A selection of French pansy postcards I found during my travels at several different Parisian flea markets. I have collected old postcard images of pansies for years, mostly because of the use of the word “pansy” as slang for a gay or queer man—especially a flamboyant gay man. I became aware of the Pansy Craze of the 1920’s, and I did some research and wrote a paper about it. I used found paper ephemera that I located and bought on eBay that had some connection to the time period of the Pansy Craze in NYC during the late 1920’s and early 1930’s as a way to reconstruct or reconstitute the spaces where the Pansy Craze took place. (The last two postcards above are examples of Pansy Craze-related paper ephemera which I found on eBay.) The following is excerpted from that paper, “Gay Spaces, and Paper Traces.”
Horn & Hardart and Childs were the two major chains of cafeterias, automats, and restaurants in NYC. The automats, or cafeterias, appeared in the late nineteenth century in New York City. These cheap dining facilities began to grow in number during the beginning of the 20th century in response to the growing number of single men, including gay men, who were both working in NYC and living there in rooming houses. Most of them had no access to kitchens to make their own meals, and the cheapness and convenience of the automats and cafeterias made them popular with these single men. By the 1920’s, the cafeterias and automats were increasing more rapidly in number, especially after Prohibition forced the closure of many small restaurants whose profits had largely depended on the now illegal liquor sales. “Automats were among the safest refuges available to poorer gay men. They became even more secure during the Depression, when their rock-bottom prices and lack of supervision gave them a reputation for social outcasts and the unemployed” (Chauncey 165).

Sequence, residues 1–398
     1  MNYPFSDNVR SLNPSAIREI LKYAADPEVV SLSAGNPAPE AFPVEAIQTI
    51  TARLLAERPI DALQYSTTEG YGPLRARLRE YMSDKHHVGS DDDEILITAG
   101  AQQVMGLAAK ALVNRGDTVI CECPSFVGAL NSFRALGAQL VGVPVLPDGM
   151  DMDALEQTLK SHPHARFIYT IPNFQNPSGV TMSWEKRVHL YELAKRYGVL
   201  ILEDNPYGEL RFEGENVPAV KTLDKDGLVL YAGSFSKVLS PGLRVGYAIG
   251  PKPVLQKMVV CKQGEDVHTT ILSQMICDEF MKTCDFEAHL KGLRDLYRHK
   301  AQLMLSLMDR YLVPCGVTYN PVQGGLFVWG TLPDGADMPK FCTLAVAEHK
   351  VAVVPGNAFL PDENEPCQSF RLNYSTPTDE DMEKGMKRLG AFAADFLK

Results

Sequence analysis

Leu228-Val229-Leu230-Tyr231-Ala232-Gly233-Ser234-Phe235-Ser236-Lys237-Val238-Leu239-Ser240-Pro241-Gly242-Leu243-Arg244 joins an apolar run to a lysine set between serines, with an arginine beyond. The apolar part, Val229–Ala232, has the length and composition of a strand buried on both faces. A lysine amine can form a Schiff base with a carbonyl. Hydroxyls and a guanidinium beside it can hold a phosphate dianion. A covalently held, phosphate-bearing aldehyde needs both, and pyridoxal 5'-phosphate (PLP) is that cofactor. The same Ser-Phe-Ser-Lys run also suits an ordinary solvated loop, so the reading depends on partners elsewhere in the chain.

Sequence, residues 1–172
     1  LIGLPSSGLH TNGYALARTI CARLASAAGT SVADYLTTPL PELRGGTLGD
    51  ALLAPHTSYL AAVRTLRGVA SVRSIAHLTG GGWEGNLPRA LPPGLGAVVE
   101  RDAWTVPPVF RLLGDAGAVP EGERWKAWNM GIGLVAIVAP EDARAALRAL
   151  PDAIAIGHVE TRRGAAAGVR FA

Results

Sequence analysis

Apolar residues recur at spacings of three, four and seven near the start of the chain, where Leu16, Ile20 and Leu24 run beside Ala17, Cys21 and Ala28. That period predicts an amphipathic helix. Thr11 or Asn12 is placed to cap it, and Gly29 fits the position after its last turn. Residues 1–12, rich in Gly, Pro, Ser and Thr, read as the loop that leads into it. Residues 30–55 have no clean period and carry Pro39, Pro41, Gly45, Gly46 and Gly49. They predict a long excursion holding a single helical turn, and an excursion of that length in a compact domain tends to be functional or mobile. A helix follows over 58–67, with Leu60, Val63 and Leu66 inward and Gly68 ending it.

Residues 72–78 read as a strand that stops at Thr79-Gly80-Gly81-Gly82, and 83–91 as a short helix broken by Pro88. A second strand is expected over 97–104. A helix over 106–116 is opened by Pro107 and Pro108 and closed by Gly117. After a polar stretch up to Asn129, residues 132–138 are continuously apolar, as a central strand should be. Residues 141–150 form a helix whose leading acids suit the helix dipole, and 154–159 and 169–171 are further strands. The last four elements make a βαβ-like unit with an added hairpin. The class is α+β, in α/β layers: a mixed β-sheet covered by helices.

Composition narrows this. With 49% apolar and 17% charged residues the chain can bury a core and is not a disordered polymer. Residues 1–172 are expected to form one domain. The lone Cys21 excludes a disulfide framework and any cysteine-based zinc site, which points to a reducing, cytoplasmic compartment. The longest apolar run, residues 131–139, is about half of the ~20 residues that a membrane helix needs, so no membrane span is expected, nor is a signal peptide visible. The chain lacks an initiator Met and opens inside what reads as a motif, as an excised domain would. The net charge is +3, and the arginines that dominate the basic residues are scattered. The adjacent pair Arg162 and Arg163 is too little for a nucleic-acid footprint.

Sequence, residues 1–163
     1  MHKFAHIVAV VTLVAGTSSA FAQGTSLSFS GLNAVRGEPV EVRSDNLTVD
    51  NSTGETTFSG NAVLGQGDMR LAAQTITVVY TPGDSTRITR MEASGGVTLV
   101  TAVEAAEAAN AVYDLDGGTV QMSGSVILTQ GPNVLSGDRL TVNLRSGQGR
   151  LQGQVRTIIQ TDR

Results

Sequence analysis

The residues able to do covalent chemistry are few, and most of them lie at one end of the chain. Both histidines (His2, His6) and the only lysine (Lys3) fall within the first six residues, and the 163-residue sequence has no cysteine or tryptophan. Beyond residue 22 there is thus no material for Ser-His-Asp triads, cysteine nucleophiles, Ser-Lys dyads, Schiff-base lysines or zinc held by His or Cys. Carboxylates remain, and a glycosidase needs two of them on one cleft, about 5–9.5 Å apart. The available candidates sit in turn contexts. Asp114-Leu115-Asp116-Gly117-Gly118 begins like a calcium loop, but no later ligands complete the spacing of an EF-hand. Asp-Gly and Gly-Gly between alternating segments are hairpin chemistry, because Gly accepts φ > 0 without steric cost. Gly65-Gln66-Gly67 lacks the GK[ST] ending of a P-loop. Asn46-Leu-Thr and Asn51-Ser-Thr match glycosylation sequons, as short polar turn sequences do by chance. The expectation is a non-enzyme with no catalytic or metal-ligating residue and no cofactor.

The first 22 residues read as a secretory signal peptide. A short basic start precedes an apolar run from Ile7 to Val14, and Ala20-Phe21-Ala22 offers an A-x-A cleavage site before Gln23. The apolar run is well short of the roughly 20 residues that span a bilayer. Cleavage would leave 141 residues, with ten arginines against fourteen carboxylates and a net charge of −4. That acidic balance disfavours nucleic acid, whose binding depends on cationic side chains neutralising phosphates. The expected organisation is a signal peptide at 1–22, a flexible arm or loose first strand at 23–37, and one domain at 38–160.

The cafeterias became social centers for many of the less affluent gay men, and a place where new arrivals to NYC could gain entrance to the gay community. “Some of these cafeterias, Automats, and lunchrooms catered to a gay clientele, while others were simply taken over by gay men, who were allowed to remain so long as they increased business without drawing the attention of the police” (Chauncey 165). The Child’s Restaurant in the Paramount Building and the Horn and Hardart Automat in Times Square were both famous as “fairy or pansy hangouts” where more flamboyant behavior was tolerated. “Gay men quickly spread the word about which restaurants and cafeterias would let them gather without guarding their behavior. Several Child’s cafeterias and restaurants located in heavily gay neighborhoods became known among gay men as meeting places; indeed, the campy antics of the more flamboyant among them became part of the draw for other customers. One gay man who lived in the city in the late 1920’s recalled that the Child’s restaurant in the Paramount Theater Building on Broadway at 43rd was regularly “taken over” by “hundreds” of gay men after midnight” (Chauncey 166).